Apart from tunnels, did you know that the European Union started in Maastricht? It was through the Treaty of Maastricht that gave way to more comfortable border controls between EU countries. There is just so much history in Maastricht that a trip to the area may provide the highlight of your Netherlands road trip.

Amsterdam Canal Belt

The 49.89km canal network of Amsterdam is a must-go for both foreign visitors and local residents. If you search for photos of Amsterdam online, the first thing you’ll probably see are pictures with the canals in the background.

In the summer, you can paddle through or take a guided tour of the canals, while in the winter, you can skate through the icy-surface. The canals are lined with historic buildings, including boathouses, museums, and restaurants that you can only enter by riding a boat in the channels.

The Canal Belt is a very accessible destination as it is only found within the Netherlands’ capital city. So don’t miss this one-of-a-kind UNESCO World Heritage Site!

Van Gogh Museum

If you are an art enthusiast, it might be impossible for you not to know who Vincent van Gogh is. The famous “Starry Night” oil on canvass has been a popular inspiration for so many artists. This is also true for his other notable works. The Van Gogh Museum in the Netherlands does not house the original Starry Night, but it houses other important memorabilia of the artist, including his letters. The museum also displays the most number of Van Gogh’s artworks, so you can expect that you might be spending more than an hour inside.

The museum is located within Amsterdam, and if you drive to the area, you can park your car at the Q-park. The museum is from 9:00 am - 5:00 pm on the weekdays and 9:00 am - 6:00 pm on the weekends.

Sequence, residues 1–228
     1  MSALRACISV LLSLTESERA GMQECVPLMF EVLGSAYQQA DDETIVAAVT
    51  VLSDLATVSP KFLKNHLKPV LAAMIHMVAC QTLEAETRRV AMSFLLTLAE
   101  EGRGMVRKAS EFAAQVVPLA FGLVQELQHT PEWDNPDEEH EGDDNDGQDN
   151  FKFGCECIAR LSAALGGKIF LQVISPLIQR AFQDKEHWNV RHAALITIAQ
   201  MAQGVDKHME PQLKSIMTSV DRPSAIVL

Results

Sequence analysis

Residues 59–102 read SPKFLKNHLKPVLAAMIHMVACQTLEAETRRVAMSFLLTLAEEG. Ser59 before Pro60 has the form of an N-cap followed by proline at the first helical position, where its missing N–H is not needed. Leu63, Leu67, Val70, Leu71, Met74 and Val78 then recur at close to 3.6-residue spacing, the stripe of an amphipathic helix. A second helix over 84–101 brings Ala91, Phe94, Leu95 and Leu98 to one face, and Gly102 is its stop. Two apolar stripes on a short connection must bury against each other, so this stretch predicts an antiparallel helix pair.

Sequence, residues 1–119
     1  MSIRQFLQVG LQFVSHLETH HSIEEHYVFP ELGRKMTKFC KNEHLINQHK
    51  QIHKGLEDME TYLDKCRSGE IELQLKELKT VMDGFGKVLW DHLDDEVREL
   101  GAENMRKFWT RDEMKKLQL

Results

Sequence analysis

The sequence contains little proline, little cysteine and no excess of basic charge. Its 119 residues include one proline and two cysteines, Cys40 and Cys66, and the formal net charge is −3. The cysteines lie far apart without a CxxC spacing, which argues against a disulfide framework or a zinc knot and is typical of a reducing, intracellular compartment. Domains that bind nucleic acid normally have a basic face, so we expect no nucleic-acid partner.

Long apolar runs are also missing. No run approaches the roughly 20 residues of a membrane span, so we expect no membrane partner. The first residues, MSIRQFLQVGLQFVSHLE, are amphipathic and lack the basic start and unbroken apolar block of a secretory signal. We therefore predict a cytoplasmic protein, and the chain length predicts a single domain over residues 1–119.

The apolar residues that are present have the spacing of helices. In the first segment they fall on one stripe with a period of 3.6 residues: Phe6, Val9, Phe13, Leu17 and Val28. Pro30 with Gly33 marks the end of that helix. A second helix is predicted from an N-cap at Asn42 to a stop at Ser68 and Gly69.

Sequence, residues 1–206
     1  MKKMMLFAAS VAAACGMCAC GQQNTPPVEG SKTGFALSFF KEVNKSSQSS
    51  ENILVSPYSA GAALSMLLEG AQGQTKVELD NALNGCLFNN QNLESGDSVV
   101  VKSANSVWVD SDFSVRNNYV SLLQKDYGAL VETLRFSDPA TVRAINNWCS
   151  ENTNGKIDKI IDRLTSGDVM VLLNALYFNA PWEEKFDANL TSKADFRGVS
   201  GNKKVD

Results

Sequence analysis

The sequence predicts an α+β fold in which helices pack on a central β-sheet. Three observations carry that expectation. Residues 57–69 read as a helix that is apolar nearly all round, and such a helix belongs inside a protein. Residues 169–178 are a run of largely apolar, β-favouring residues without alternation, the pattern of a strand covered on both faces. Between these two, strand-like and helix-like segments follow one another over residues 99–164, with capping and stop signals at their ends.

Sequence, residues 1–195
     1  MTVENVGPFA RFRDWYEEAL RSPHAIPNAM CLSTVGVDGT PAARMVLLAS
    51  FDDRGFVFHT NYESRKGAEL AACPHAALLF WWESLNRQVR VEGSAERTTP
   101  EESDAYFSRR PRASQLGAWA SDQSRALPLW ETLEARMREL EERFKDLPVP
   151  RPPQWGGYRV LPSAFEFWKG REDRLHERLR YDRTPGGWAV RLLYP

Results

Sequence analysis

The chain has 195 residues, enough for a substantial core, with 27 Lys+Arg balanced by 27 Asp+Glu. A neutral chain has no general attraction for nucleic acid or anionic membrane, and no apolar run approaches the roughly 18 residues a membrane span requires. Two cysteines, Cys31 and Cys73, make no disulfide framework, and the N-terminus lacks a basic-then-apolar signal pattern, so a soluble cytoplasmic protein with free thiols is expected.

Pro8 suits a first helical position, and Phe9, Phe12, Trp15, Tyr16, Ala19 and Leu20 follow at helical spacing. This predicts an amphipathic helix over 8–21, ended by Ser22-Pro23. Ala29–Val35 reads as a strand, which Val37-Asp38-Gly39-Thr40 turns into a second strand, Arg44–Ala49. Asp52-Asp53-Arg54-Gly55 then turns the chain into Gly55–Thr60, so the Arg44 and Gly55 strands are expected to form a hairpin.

Most Important Road Rules in the Netherlands

After checking out our first-visit suggestions, it's important next to learn about Netherlands driving rules. Even though public transport is efficient in the Netherlands, touring with your car is unbeatable. It saves you the trouble of figuring out where to catch and leave the bus, train, or tram. Here are some crucial driving rules to note.

Legal Driving Age in the Netherlands

The minimum legal driving age in the Netherlands is 17. Drivers who are 17 years old must be accompanied by another licensed driver who is at least 27 years old. However, if you’ve reached the age of 18, you wouldn’t need to have a chaperone anymore.

In addition, the minimum legal driving age does not set the standard for car rental companies' eligibility. Renters need to be at least 21 years old in order to rent a car.

Speed Limits

To maintain the impressive road safety record of the Netherlands, all drivers should maintain responsible driving. This includes driving below the speed limits. In addition, when driving anywhere in the world, other road users’ safety should be a priority, so be mindful of the speed limits of the area you’re driving to. Below are the speed limits in the Netherlands:

  • Motorways - 120km/hr
  • Main roads - 100km/hr
  • Built-up areas - 50km/hr
  • Other roads - 80km/hr

Specific or specialized vehicles are also set with specific speed limits wherever they go in the country. For example, microcars are only allowed up to a maximum of 45km/hr, while motor-assisted bicycles are only allowed up to a maximum of 25km/hr.

Drinking and Driving Rules in the Netherlands

The Netherlands is a country of specially crafted beers. If you know what a Heineken is, the Netherlands is its birthplace. A beer and wine tour in the country is an adventure in itself, but you have to remember to drink moderately, especially when you’re driving. The Dutch government only allows the following maximum alcohol concentrations:

  • 220 micrograms of alcohol per liter of breath
  • 0.5 milligrams of alcohol per milliliter of blood

Ready to check if an IDP is accepted in your destination?

Use the form and find out in seconds whether you need an international permit. Documents vary, based on the United Nations Convention on Road Traffic.